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Re: unser-interface problems using Mathematica as a calculator

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  • Subject: [mg131992] Re: unser-interface problems using Mathematica as a calculator
  • From: Murray Eisenberg <murray at math.umass.edu>
  • Date: Tue, 12 Nov 2013 00:15:50 -0500 (EST)
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  • References: <20131111050512.D010D6A1E@smc.vnet.net>

Many things are confusing to somebody who doesn't know the basics. And 
yes, this is one of them. But you can undoubtedly find the same 
confusing situation with an ordinary handheld calculator, if you try.

With Mathematica, if you're unhappy with the default 6-digit display, 
you need only open the Preferences (aka Options, on Windows), select the 
Appearance tab, then the Numbers sub tab and globally change from 6 to a 
higher value the setting Displayed precision: Number of digits 
displayed in output.

You may accomplish the same thing, either globally or for a specific 
notebook, or even for selected cells or cell group, by using the Option 
Inspector: search for PrintPrecision there.

And for particular output, you may control the print precision 
programmatically by using the NumberForm function.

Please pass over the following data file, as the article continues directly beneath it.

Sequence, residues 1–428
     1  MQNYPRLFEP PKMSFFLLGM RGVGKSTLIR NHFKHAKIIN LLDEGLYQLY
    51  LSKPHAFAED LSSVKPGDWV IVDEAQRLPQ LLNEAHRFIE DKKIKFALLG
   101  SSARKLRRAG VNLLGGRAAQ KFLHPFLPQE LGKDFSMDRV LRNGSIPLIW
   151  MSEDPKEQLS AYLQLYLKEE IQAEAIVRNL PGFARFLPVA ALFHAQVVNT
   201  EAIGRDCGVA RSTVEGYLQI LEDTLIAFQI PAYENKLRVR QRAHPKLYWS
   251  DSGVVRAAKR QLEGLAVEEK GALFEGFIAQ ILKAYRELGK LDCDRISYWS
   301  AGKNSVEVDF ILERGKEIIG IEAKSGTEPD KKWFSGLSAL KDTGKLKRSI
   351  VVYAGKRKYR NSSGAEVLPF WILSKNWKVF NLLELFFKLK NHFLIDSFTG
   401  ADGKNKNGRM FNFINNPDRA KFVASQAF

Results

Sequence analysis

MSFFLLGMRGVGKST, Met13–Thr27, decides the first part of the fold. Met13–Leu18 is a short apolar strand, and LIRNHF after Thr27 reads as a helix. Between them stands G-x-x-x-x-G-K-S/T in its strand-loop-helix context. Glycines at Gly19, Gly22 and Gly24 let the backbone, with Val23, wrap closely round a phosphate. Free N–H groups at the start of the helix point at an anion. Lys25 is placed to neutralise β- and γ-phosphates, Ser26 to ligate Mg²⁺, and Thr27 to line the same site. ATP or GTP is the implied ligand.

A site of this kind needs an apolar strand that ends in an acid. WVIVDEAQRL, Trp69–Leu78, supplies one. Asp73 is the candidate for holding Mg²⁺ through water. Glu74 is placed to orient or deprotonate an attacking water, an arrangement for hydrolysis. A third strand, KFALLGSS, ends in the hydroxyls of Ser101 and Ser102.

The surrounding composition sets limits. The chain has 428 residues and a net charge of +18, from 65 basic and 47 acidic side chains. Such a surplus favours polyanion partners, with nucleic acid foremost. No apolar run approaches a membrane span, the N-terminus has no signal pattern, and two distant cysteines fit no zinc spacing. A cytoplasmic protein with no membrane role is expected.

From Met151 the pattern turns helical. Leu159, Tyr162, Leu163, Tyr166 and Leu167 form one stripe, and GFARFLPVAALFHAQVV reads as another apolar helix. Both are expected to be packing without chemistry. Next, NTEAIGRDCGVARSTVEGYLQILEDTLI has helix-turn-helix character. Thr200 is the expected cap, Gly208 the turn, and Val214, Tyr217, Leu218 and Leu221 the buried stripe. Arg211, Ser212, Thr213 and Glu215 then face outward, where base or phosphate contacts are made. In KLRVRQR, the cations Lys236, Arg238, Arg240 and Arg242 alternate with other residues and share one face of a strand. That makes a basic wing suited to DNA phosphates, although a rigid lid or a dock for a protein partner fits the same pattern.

Of course that just pushes the problem further to the right of the 
decimal point, and you will eventually encounter the same difficulty.

On Nov 11, 2013, at 12:05 AM, Alan <alan.isaac at gmail.com> wrote:

> The example below illustrates why Mathematica's display rules for 
approximate numbers are very confusing for students. Should this be 
considered a user-interface bug? If not, why not? In any case, can the 
default display be changed to something more familiar from spreadsheets 
and other computing languages?
> Thanks,
> Alan Isaac
>
> In[217]:= tv = TimeValue[1, 0.04, 3]
> tv == 1.124864
> tv == 1.12486
>
> Out[217]= 1.12486
>
> Out[218]= True
>
> Out[219]= False
>

---
Murray Eisenberg                                    
murray at math.umass.edu
Mathematics & Statistics Dept.      
Lederle Graduate Research Tower           
University of Massachusetts 
710 North Pleasant Street  
Amherst, MA 01003-9305








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